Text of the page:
TIA for your wisdom and ideas.
 

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The standard test for detecting worn-out clutch plate friction material is to test for slippage when accelerating with WOT in top gear.

You can often stop slippage by maintaining the force pushing the plates together. The idea here is to maintain the stack height as the friction material wears off and reduces the thickness of each plate. The higher the stack height, the more the springs are shortened/compressed, and the greater the force pushing the plates together. The clutch slips when there's not enough force supplied by the springs or the friction material is worn completely off.

The service limit on 3 mm friction plates is 2.8 mm. For 2.5 mm plates the service limit is 2.3 mm.

The plain metal plates come in stock 2.5 mm or 3 mm thicknesses. When the overall plate stack height wears 0.5 mm, replace one 2.5 mm flat plate with a 3 mm one. At 1 mm stack height wear, repeat for a second flat plate. At 1.4 mm - 1.6 mm wear, replace all the friction plates. Allowable friction plate wear is 0.2 mm (each).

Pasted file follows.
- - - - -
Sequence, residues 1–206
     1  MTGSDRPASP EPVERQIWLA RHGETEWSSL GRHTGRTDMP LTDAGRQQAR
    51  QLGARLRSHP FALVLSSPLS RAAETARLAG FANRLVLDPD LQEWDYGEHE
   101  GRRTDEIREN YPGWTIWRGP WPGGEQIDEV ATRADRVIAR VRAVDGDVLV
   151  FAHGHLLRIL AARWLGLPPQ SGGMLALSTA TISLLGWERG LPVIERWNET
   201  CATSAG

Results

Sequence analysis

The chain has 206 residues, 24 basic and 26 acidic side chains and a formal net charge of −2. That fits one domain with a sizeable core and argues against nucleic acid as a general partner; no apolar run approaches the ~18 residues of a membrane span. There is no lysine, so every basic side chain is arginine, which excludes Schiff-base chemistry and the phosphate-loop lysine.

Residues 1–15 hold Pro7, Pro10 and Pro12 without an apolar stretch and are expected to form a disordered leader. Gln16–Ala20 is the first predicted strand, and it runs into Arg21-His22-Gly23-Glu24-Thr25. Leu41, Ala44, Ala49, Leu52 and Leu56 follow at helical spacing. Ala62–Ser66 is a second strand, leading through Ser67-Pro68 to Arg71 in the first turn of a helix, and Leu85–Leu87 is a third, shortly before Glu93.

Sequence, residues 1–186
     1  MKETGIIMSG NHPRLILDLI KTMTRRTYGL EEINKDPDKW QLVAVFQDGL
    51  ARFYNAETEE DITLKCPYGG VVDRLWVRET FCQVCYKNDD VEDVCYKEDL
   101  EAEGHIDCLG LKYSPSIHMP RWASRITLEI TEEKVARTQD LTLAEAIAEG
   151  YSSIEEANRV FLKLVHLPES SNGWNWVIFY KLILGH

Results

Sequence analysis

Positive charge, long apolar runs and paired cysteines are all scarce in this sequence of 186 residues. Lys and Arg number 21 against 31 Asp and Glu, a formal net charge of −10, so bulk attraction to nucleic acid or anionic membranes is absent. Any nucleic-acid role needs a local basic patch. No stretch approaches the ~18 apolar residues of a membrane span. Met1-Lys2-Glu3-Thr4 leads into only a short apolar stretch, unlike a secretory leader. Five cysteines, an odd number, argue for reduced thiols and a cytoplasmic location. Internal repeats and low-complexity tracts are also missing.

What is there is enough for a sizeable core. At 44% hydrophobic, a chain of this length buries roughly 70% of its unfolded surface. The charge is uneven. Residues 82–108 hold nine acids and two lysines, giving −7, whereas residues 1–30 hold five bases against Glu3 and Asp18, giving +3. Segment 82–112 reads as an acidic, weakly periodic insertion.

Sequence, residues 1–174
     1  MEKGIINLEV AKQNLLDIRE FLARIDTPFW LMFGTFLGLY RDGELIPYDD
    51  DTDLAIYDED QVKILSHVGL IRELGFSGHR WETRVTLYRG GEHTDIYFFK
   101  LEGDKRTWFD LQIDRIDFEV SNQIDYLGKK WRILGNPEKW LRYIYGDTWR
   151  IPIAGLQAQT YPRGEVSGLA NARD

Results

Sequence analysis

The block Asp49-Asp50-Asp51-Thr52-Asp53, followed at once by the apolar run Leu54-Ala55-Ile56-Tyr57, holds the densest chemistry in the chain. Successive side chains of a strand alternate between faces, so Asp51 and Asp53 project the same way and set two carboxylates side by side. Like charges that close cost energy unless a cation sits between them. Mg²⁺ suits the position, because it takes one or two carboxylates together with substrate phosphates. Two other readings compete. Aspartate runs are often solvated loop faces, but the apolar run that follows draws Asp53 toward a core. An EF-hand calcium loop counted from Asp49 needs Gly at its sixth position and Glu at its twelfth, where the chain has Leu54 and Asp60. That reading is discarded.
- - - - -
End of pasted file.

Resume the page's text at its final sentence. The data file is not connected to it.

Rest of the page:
The stack height is specified for the OEM springs, so if your springs are not OEM stiffness then the stack height needed to prevent slippage will vary. The stack height can only be increased a small amount over the OEM recommended height before the last plate hangs up on the basket.
 

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Sounds like the clutch pack is showing signs of normal wear-n-tear. I experienced the same issue and it slowly got worse but the bike was still ridable, just had to adjust my riding to the worn conditions. One thing I immediately noticed was how much quieter the clutch was after the change (as far as a dry clutch can be quiet :wink2:). As the clutch wears the noise it produces gets louder but it does so very gradually and thus you don't really notice the volume difference.

At 15,663 miles I replaced my original clutch pack with JC Pak :grin2: Here's my EVR 48t upgrade and I have some measurements there: Dry clutch change - AirCooledNut.com